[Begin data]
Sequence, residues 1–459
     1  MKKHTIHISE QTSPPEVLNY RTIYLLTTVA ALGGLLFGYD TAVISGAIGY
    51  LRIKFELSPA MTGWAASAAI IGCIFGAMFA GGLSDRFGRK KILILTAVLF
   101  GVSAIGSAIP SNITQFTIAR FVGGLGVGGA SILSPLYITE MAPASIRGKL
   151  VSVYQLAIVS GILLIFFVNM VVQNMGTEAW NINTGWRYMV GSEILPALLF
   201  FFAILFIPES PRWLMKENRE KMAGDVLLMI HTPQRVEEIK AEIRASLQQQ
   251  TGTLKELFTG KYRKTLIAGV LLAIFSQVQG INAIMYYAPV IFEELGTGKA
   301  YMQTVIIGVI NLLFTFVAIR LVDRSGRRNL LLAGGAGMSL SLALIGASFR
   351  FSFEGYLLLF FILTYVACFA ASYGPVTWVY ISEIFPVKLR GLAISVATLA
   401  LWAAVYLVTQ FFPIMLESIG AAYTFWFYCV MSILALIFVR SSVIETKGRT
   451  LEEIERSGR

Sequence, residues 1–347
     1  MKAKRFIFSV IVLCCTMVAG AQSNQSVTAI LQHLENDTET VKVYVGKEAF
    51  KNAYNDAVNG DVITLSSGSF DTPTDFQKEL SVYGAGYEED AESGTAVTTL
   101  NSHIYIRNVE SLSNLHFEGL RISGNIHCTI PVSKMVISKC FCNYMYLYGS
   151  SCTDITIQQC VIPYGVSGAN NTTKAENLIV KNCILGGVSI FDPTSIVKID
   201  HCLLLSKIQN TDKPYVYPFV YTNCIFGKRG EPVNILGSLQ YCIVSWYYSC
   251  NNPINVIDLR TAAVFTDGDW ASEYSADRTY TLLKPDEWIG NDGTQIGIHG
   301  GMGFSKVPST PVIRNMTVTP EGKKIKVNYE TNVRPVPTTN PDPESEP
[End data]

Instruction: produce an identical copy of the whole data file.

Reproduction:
Sequence, residues 1–459
     1  MKKHTIHISE QTSPPEVLNY RTIYLLTTVA ALGGLLFGYD TAVISGAIGY
    51  LRIKFELSPA MTGWAASAAI IGCIFGAMFA GGLSDRFGRK KILILTAVLF
   101  GVSAIGSAIP SNITQFTIAR FVGGLGVGGA SILSPLYITE MAPASIRGKL
   151  VSVYQLAIVS GILLIFFVNM VVQNMGTEAW NINTGWRYMV GSEILPALLF
   201  FFAILFIPES PRWLMKENRE KMAGDVLLMI HTPQRVEEIK AEIRASLQQQ
   251  TGTLKELFTG KYRKTLIAGV LLAIFSQVQG INAIMYYAPV IFEELGTGKA
   301  YMQTVIIGVI NLLFTFVAIR LVDRSGRRNL LLAGGAGMSL SLALIGASFR
   351  FSFEGYLLLF FILTYVACFA ASYGPVTWVY ISEIFPVKLR GLAISVATLA
   401  LWAAVYLVTQ FFPIMLESIG AAYTFWFYCV MSILALIFVR SSVIETKGRT
   451  LEEIERSGR

Sequence, residues 1–347
     1  MKAKRFIFSV IVLCCTMVAG AQSNQSVTAI LQHLENDTET VKVYVGKEAF
    51  KNAYNDAVNG DVITLSSGSF DTPTDFQKEL SVYGAGYEED AESGTAVTTL
   101  NSHIYIRNVE SLSNLHFEGL RISGNIHCTI PVSKMVISKC FCNYMYLYGS
   151  SCTDITIQQC VIPYGVSGAN NTTKAENLIV KNCILGGVSI FDPTSIVKID
   201  HCLLLSKIQN TDKPYVYPFV YTNCIFGKRG EPVNILGSLQ YCIVSWYYSC
   251  NNPINVIDLR TAAVFTDGDW ASEYSADRTY TLLKPDEWIG NDGTQIGIHG
   301  GMGFSKVPST PVIRNMTVTP EGKKIKVNYE TNVRPVPTTN PDPESEP